THE NATION SAID goodbye to welfare as we knew it last week.
But there is no guarantee the sweeping changes passed by Congress and agreed to by President Clinton will end the poverty of resources and spirit that exemplifies the current system. Despite the lack of guarantees, majority opinion in this country reached a consensus that a leap into the unknown is preferable to the status quo.
If the reforms do in fact produce improvements, surely one place they will show up is in the well-being of children. And one way to judge that is the extent to which the new approach to welfare encourages the formation of stable, two-parent families.
The most powerful argument of opponents of welfare reform was their prediction that the legislation would push more children into poverty. But child well-being has already been declining to alarming levels, and not just among the poor. A key reason has been the increase in single-parent households, resulting from rising rates of divorce and out-of-wedlock births.
The benefits of marriage
Yes, there are single parents who successfully raise their children despite the odds, and there are married couples who fail their children miserably. But on the whole, children in two-parent families have a huge advantage, not just economically but also in gaining a more stable sense of identity, grounding and discipline.
Work organizes life, as President Clinton points out, but so does a marriage. As researchers are learning, the stability provided by the legal commitment of marriage offers benefits not just to the spouses, but especially to their children. Whether judged by income and net worth or health and longevity, married couples have an edge.
If one reason for welfare reform is to address the material and moral poverty associated with the status quo, a chief goal of reform should be to reverse the old system's perverse discouragement of marriage and to instill more poor families with the stability marriage can provide.
For years, families with able-bodied men in the household were ineligible for benefits. That approach not only robbed poor men of a meaningful role in their communities, it also irreparably harmed generations of poor children.
The signs that welfare reform will increase family stability are not promising. After all, it's hard to make poor people live up to ideals the rest of society seems to be abandoning.
These are dark days for the institution of marriage. By some estimates, up to 65 percent of all new marriages will fail.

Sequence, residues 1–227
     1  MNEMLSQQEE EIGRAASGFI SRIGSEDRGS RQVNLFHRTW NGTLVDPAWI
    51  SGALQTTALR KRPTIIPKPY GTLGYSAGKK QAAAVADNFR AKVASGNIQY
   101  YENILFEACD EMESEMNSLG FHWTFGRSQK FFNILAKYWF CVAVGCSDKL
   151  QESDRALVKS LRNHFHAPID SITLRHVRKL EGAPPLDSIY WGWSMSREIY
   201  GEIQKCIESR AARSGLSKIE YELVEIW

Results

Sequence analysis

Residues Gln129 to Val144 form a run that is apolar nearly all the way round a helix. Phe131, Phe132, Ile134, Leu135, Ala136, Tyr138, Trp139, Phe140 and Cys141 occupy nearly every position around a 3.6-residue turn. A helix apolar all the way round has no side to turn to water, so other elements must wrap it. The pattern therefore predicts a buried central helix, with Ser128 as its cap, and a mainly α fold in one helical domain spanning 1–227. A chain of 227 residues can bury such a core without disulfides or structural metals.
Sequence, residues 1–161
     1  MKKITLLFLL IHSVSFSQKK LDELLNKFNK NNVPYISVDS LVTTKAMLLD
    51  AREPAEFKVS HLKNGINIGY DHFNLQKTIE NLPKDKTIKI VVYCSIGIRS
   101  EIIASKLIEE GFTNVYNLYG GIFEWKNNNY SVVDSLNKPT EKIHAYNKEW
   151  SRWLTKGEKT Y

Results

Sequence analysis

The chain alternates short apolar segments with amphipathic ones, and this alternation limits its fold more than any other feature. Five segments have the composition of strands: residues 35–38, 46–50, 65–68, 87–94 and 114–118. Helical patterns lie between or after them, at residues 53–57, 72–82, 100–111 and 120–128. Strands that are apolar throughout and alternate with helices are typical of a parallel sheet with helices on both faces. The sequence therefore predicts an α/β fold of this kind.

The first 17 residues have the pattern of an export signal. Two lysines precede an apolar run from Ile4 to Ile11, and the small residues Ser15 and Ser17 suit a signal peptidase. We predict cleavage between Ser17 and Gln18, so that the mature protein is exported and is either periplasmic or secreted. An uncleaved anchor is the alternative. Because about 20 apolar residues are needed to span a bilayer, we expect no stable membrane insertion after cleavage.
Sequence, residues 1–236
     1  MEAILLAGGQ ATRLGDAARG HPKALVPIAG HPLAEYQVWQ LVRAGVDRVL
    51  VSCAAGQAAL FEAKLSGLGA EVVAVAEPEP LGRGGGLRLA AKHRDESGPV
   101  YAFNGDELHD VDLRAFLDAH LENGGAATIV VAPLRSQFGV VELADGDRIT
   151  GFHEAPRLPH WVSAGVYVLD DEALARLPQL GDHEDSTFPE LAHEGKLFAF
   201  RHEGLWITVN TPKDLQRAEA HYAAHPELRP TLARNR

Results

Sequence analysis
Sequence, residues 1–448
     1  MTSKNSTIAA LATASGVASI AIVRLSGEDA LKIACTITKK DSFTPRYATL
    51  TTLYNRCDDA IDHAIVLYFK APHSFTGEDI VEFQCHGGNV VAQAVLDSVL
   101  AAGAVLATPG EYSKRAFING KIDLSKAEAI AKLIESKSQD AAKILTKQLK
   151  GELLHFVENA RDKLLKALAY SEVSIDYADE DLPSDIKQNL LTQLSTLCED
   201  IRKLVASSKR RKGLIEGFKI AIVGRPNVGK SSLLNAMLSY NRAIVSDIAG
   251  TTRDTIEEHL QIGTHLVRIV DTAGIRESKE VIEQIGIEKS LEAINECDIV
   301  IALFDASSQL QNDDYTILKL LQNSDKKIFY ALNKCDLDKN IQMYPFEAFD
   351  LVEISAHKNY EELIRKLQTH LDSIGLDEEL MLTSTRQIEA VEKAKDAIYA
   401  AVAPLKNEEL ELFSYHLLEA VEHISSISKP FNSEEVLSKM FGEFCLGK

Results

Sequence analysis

Marriage and divorce statistics have begun to raise alarm among researchers and social commentators. And certainly the high rates of teen-age pregnancies have gotten the attention of welfare reformers.
So far, however, there has been too little attention paid to the connection between the forces buffeting marriage in the larger society and the social problems associated with dysfunctional welfare families.
The effects of poverty on children are widely recognized. But the rising rates of delinquency, juvenile crime (including homicide), suicide, depression and drug and alcohol abuse among American youth cannot all be chalked up to poverty.
A 1990 commission sponsored by the National Association of State Boards of Education declared that "never before has one generation of American teen-agers been less healthy, less cared for, or less prepared for life than their parents were at the same age."
In March 1995, a group of scholars and analysts calling themselves the Council on Families in America produced a report titled "Marriage in America." In it, they offered a blunt message:
"To reverse the current deterioration of child and societal well-being in the United States, we must strengthen the institution of marriage. We realize that strengthening marriage cannot be our only goal. But we insist that it must become our most important goal. For unless we reverse the decline of marriage, no other achievements -- no tax cut, no new government program, no new idea -- will be powerful enough to reverse the trend of declining child well-being."
Add welfare reform to that list ofpotentially futile achievements.
Last week the country changed the rules for poor people. But that will not be enough to produce more stable, self-sufficient families.
To reach that goal, the rest of us will have to be willing to change as well.
Sara Engram is deputy editorial page editor for The Sun.
Pub Date: 8/04/96